Scriptures for Shabbat:
Torah Reading: Deuteronomy 26:1-29:8
Haftorah Reading: Isaiah 60:1-22
Brit Chadashah Reading: Luke 21-1-4
Within this week's Pasha named Ki Tavo, we find instructions from Moshe telling the elders of Israel to make sure that once they cross the Jordan River, they were to stand up two large stones, coat them with plaster, and then write all the words of Torah on them. Below are those words:
Deuteronomy 27:1 Moses and the elders of Israel charged the people, saying: Observe all the Instruction that I enjoin upon you this day. 2 As soon as you have crossed the Jordan into the land that the Lord your God is giving you, you shall set up large stones. Coat them with plaster 3 and inscribe upon them all the words of this Teaching.
stones are to be a monument and memorial for all to see where Israel
crossed the Jordan to enter the Land. However, they were not just
markers of a passage only; they were markers of a journey that would
continue throughout the history of Israel. They were constant reminders
of a covenant contract that was entered into and reconfirmed just before
Israel entered the land. Israel had forty years to make up their minds
about this covenant. They have seen the hand of Ad-nai work over and
over through those years and as they prepared to cross the Jordan River,
they chose again to live according to Torah. These stones were placed
in the land to show that Ad-nai had kept His word and to remind us even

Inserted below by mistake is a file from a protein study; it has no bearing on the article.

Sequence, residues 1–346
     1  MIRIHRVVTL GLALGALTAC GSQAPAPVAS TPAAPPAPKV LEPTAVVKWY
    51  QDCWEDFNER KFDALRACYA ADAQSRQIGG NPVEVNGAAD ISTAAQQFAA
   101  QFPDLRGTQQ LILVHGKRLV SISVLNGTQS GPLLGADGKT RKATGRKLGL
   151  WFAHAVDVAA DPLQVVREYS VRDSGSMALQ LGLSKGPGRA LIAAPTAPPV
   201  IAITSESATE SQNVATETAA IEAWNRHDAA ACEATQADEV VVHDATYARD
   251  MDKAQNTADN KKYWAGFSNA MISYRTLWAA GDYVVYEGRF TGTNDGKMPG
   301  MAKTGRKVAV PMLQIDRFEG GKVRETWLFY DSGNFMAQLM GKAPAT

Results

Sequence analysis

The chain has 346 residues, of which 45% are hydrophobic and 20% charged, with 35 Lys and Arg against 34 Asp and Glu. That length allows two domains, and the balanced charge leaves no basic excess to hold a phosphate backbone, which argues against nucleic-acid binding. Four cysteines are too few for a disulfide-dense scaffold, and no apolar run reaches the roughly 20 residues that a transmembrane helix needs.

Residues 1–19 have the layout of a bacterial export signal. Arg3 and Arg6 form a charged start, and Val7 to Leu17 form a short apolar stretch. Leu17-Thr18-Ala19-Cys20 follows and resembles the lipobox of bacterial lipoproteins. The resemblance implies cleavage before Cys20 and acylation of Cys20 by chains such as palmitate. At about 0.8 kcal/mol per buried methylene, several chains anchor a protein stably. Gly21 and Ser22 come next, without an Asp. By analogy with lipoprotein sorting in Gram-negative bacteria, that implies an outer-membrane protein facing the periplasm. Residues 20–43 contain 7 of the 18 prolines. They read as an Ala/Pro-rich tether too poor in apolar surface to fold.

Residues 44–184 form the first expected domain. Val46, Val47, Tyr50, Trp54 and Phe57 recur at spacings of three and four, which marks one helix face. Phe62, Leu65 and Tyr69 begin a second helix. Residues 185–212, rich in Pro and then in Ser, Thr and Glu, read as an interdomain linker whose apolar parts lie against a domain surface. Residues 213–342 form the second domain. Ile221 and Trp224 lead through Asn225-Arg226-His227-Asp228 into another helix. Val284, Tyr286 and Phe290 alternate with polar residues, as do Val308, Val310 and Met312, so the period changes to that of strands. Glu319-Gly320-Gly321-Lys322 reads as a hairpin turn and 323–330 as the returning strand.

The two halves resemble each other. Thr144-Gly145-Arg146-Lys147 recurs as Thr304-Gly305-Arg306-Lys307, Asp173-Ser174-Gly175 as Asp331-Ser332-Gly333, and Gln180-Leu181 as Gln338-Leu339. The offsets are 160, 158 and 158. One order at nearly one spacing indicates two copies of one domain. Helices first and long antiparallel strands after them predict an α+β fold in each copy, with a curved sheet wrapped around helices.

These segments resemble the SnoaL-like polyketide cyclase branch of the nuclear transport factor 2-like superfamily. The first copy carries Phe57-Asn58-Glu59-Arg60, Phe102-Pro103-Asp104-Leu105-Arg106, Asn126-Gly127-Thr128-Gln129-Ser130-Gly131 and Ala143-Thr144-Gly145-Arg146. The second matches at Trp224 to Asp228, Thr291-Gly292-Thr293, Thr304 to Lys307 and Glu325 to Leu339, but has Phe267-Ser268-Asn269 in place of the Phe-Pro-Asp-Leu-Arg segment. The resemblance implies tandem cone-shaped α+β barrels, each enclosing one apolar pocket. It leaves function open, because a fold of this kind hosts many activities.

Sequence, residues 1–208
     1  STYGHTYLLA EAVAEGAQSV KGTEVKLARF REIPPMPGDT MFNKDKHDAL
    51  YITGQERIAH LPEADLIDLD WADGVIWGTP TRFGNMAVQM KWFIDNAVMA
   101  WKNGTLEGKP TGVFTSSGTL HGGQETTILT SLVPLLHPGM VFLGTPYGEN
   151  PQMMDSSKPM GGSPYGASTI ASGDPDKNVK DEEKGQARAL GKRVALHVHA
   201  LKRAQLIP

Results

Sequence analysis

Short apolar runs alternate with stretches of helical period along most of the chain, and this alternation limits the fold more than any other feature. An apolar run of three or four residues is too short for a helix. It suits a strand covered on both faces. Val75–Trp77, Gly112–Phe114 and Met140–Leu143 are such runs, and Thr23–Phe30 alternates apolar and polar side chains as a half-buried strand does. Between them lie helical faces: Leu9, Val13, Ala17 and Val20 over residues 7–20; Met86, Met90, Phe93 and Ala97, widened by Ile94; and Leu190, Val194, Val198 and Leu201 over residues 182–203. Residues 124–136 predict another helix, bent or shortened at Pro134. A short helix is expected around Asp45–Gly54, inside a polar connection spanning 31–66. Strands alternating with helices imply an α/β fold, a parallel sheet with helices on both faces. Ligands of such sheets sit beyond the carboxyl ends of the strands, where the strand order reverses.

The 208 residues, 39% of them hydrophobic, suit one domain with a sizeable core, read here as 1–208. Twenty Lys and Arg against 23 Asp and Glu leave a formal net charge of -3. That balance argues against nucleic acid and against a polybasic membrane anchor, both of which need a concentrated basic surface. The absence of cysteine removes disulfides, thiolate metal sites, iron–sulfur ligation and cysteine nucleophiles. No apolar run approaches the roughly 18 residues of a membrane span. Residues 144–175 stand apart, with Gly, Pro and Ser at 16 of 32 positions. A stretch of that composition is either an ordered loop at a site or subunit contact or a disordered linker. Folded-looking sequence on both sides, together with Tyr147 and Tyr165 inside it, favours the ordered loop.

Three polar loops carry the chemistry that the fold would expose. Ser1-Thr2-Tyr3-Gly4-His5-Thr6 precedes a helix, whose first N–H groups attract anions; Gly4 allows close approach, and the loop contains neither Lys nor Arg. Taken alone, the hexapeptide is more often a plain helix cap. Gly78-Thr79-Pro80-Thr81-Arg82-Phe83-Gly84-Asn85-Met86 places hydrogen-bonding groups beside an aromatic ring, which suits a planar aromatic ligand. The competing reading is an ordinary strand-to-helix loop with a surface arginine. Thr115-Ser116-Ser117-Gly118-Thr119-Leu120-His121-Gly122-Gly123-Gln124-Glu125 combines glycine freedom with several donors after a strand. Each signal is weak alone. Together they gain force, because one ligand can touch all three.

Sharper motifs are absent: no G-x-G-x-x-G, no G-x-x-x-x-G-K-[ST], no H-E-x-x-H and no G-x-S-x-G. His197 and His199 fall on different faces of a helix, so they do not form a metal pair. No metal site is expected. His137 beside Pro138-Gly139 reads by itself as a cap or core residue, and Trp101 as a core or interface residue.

through today that He expects us to keep our part of the covenant. If we
want His blessings in our lives, then we must choose to love Him with
Scriptures for Shabbat:
Torah Reading: Deuteronomy 21:10-25:19
Haftorah Reading: Isaiah 53:13-54:10
Brit Chadashah Reading: Matthew 22:23-32
this week's Parsha, we have entered into a long list of commandments
that deal with interpersonal relationships and also business
relationships. One of the verses we read is posted below.
1 If you see your fellow's ox or sheep gone astray, do not ignore it; you must take it back to your fellow.
this one verse are a number of things we need to understand and respond
to. First of all, it begins by speaking about if we see our fellow's ox
or sheep which lets us know that as part of a community we need to be
looking out for not only our things but also our neighbor's things. It
goes on to tell us that if we see our neighbor's ox or sheep, we are not
to ignore them. We have a responsibility to not only look out for them,
but if we see them; we need to do something about them. Secondly, if we
see them, we are to return them to their owner. This law or mitzvah
does not just apply to animals, but it really deals with anything that
belongs to our neighbor. We need to keep a watchful eye out for each
other. When we see a neighbor's things, we cannot just ignore them and
hope they are taken care of, but we are to be accountable for our
neighbor's things. Thirdly, when we find something belonging to our
neighbor's position is not really 9/10th of the law. It belongs to them,